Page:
This assignment was later contested by Polyakov et al.51 based on measurements of the electric-field dependence of the E 1 emission rate. The field dependence was found to fit a Poole–Frenkel-type emission, which is characteristic of a donor in n-type materials. This result points to Si Ga 1H or Sn Ga 2H, as these are the only donors among the candidates listed above. This defect type is, on the other hand, hard to reconcile with the thermal stability observed for the E 1 center.63 

Based on comparison with predicted capture cross sections, a Ti Ga 1 origin has also been suggested.76 The donor level of Ti Ga 1 ( E i = 0.62 eV with E b = 0.11 eV) is indeed close to the E 1 level and consistent with the observed Poole–Frenkel emission.51 However, this model does not explain the observed response to heat treatments in H 2.63 Furthermore, the concentration of E 1 does not correlate with the Ti-content measured by secondary-ion mass spectrometry (SIMS).9 To conclude, a firm identification of this level is still lacking.

The E 2 level ( E A 0.8 eV) is the most significant DLTS signature in β- G a 2 O 3 in terms of prevalence in bulk samples. The first reports of E 2 were in CZ- and EFG-grown crystals with a concentration in excess of 10 16 cm 3.4,68,69 The level has been suggested to be the main compensating acceptor in bulk crystals.4 

V Ga 1 was initially proposed as a possible microscopic origin for the E 2 level.16 This assignment was based on the agreement between their predicted ( 2 / 3 ) level and the E 2 activation energy, as well as the low formation energy and compensating acceptor behavior of V Ga. However, theoretical studies taking into account the energetically preferred split configurations of V Ga show that the relevant levels are at least 1 eV deeper in the bandgap, making this an unlikely candidate for E 2.13,15,20,38,77

A convincing link between the E 2 level and Fe was later presented.8 First, H irradiation was performed and found to induce no significant change of the E 2 concentration, making an extrinsic origin more likely than an intrinsic one. Second, the concentration of the E 2 level across several types of samples (EFG, HVPE, and MBE) was compared with impurity concentrations obtained from SIMS analysis. This comparison revealed an almost linear relation between the Fe and E 2 concentrations in the samples, although not in a 1:1 ratio [Fig. 11(c)]. Calculated formation energies for Fe-related defects in β- G a 2 O 3 further corroborated the experimental findings.8 Indeed, the formation energy of Fe Ga is relatively low, and this configuration is preferred for relevant Fermi-level values.8 Both Fe Ga 1 and Fe Ga 2 are predicted to act as deep acceptors with calculated ( 0 / ) levels at E C 0.68 and 0.78 eV, respectively. These predicted values are in good agreement with the extracted E A value of E 2.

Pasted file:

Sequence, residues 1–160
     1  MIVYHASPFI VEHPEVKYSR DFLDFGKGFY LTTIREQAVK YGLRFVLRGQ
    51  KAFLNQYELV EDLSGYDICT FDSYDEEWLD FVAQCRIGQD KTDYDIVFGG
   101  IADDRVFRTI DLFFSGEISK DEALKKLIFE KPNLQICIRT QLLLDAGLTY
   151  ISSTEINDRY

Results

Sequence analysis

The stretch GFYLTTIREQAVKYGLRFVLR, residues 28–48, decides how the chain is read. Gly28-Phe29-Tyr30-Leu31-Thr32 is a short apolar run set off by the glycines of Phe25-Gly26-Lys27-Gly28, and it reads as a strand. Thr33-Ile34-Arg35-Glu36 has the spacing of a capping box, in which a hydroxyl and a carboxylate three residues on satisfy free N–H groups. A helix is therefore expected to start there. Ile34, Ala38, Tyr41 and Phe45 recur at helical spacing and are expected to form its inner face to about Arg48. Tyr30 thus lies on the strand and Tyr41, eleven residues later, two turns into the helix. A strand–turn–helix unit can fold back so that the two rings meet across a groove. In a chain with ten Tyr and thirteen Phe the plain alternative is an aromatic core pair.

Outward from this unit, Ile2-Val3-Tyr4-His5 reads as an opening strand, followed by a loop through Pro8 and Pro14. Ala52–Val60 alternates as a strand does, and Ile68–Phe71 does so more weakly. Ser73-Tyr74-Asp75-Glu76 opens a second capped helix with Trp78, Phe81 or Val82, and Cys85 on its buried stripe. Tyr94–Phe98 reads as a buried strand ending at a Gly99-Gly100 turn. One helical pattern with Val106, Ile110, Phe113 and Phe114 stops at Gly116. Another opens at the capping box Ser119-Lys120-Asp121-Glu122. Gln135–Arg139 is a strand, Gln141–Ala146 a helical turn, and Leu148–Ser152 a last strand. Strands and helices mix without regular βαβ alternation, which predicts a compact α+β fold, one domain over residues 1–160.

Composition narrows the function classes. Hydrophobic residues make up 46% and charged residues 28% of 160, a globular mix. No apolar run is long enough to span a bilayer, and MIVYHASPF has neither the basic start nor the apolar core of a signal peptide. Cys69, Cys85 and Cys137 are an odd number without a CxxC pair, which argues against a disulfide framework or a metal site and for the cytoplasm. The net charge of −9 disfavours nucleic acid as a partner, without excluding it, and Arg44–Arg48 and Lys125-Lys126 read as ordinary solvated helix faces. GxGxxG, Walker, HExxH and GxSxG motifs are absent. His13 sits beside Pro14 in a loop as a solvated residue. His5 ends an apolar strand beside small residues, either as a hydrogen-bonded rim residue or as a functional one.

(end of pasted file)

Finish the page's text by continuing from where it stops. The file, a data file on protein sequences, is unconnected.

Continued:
FIG. 11.

(a) DLTS spectrum of a ( 201) oriented EFG-grown β- G a 2 O 3 sample, showing the E 2 and E 3 signatures, where the former consists of overlapping peaks E 2 a and E 2 b.9 (b) This is evidenced in the Laplace DLTS spectrum, showing three distinct peaks.9 (c) Linear relationship between Ti and Fe impurity concentrations from SIMS, and E 2 and E 3 trap concentrations from DLTS for various different samples.8,9

FIG. 11.

(a) DLTS spectrum of a ( 201) oriented EFG-grown β- G a 2 O 3 sample, showing the E 2 and E 3 signatures, where the former consists of overlapping peaks E 2 a and E 2 b.9 (b) This is evidenced in the Laplace DLTS spectrum, showing three distinct peaks.9 (c) Linear relationship between Ti and Fe impurity concentrations from SIMS, and E 2 and E 3 trap concentrations from DLTS for various different samples.8,9

Close modal

Further insight into the microscopic origin of the E 2 level was gained from Laplace DLTS measurements.9 As mentioned in Sec. III C, Laplace DLTS allows for the separation of overlapping signatures in conventional DLTS spectra, and the E 2 level was found to consist of two levels, E 2a ( E A 0.6 eV) and E 2b ( E A 0.7 eV), see Figs. 11(a) and 11(b). The existence of the two closely spaced levels is in agreement with theory, which predicts similar ( 0 / ) transition levels for the two Fe Ga defect configurations. The concentration ratio of E 2a to E 2b was further found to be approximately 1:5, which was the same ratio previously found for the magnetic resonance signals of Fe Ga on the sixfold and fourfold coordinated site.78 The ratio is also consistent with theory, considering the small difference in formation energy predicted for Fe Ga1 to Fe Ga2.

The electric-field dependence of the E 2 emission rate has also been investigated.49 The emission rate is found to increase with higher electric fields via phonon-assisted tunneling, which is characteristic for an acceptor type defect, in accordance with the assignment to Fe Ga.